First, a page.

The OpenOwnership Pilot Program – why do we do it and what’s involved?

OpenOwnership’s goal is to to create an open data and policy ecosystem that ends the abuse of anonymously owned companies. We create tools, provide assistance, and work with governments, companies and civil society to to increase access to, and use of, information about the true ‘beneficial’ owners of companies.


Louise Russell-Prywata · Feb 2019

OpenOwnership’s goal is to create an open data and policy ecosystem that ends the abuse of anonymously owned companies. We create tools, provide assistance, and work with governments, companies and civil society to increase access to, and use of, information about the true ‘beneficial’ owners of companies.

Central to our work is the Beneficial Ownership Data Standard (BODS) - a standard format for publishing information about who owns companies, in ways that enable the data to be easily used and linked to other public datasets.

Through the OpenOwnership Pilot Program we are working with governments to apply and test BODS in the real world. We work with them to identify specific challenges and opportunities to use beneficial ownership data in each jurisdiction, and provide bespoke guidance and assistance to bring about long term change.

The governments we work with through the Pilot Program have committed to openly publish the beneficial owners of companies incorporated in their countries. The Pilot Program guides them through a six stage journey to publishing this information as linkable, open data.

The first step is to formally agree the partnership and the role that OpenOwnership will undertake, ensuring clarity over goals and timescales. For example, our agreement with the Kyrgyz Republic specifies that we will assess their laws and technologies relevant to publishing company ownership, and support them to improve these so that they have the necessary legal and digital infrastructure to publish the owners of companies which hold mining licenses.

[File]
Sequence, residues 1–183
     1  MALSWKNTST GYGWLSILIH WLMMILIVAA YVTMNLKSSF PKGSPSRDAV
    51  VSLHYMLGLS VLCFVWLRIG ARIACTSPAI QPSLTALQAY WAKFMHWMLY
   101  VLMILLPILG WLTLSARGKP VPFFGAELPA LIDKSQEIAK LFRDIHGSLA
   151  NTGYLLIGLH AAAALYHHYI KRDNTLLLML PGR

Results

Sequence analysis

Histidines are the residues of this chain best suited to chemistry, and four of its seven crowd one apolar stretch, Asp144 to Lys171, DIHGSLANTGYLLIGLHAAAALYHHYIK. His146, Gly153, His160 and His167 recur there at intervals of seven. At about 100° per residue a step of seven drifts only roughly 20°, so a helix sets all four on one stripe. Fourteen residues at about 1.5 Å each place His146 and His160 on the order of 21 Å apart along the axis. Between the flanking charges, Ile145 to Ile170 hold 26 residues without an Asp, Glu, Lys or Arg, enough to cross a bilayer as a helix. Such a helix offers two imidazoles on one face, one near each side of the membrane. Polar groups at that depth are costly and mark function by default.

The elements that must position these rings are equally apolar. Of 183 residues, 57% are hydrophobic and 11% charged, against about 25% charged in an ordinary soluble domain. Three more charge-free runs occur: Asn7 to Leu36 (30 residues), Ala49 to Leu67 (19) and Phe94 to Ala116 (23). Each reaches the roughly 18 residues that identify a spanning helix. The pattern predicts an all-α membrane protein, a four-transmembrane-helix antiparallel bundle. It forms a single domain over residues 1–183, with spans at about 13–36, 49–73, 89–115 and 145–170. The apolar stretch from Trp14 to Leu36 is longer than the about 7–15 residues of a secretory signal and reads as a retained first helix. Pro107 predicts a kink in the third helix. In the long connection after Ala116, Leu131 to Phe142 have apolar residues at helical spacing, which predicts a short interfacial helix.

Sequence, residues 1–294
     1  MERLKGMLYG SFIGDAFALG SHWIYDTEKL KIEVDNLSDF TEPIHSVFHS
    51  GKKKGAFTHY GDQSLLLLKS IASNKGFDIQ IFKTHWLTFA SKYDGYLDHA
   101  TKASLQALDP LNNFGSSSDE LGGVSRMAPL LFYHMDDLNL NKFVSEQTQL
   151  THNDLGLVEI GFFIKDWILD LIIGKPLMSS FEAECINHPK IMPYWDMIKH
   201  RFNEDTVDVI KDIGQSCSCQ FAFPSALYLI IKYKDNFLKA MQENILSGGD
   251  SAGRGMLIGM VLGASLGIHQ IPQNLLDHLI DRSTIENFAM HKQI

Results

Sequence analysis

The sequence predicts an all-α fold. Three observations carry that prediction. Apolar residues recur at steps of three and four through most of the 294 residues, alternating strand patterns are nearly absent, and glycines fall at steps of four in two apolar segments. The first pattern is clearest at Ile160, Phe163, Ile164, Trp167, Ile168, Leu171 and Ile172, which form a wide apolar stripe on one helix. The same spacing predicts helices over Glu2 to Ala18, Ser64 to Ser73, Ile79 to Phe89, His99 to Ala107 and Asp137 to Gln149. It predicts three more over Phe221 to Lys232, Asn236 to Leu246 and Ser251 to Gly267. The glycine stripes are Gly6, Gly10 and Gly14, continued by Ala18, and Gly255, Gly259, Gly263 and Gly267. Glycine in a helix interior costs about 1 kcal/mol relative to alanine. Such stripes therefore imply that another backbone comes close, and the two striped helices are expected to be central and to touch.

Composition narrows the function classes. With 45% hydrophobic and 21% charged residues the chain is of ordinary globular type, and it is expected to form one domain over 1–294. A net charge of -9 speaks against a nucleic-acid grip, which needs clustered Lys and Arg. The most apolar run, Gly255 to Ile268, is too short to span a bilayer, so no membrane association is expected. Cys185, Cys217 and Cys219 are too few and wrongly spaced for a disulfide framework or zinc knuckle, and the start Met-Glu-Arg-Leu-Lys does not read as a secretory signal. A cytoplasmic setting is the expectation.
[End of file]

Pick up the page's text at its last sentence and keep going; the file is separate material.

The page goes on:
The second step is to understand the current situation and context in greater depth, both in terms of the technical aspects such as software and database architecture and the policy framework that mandates publication of company ownership information. We use this to identify areas what changes are needed to establish an open beneficial ownership register that uses BODS, writing up our findings into a report.

Then, we support the partner government in making the changes to policy identified in our report. What’s needed will be different in each case. In Ukraine, for example, we are supporting the Ministry of Justice to increase legal penalties for failing to accurately declare company ownership.

The next stage focuses on supporting the partner government to collect data on company ownership according to the Beneficial Ownership Data Standard. This is critical in order for the data to be correctly understood by anyone who uses it, and it enables the data to be easily linked with other datasets. The goal is to get company ownership data in an open format that can be accessed by all, in machine readable format, and used and reused by anyone.

The fifth step is to work with the partner to publish the data and add it to the global OpenOwnership Register. This brings the ability to link the data to life, connecting it with company ownership information covering over 20 countries. As the OpenOwnership Register grows it will become even more useful - the more data it includes, the more connections users can uncover, increasing transparency over ownership chains that cover more than one country..

Finally, we review the overall impact of the pilot, and draw together what has been learned. Learning and feedback is built into each stage of the Pilot Program journey. In response to issues we encountered in each pilot, and the specific solutions we developed with pilot partners, we iteratively improve the Beneficial Ownership Data Standard and the guides and tools that accompany it.

Over time we will draw on our Pilot Program experiences to produce a comprehensive “how-to” toolbox for other governments around the world to publish open data information on who really owns companies, and grow the number of countries publishing standardised, open information.

If you’re interested in learning more about the Pilot Program, a more detailed summary of the process is available to read and download here. Alternatively, you can always:

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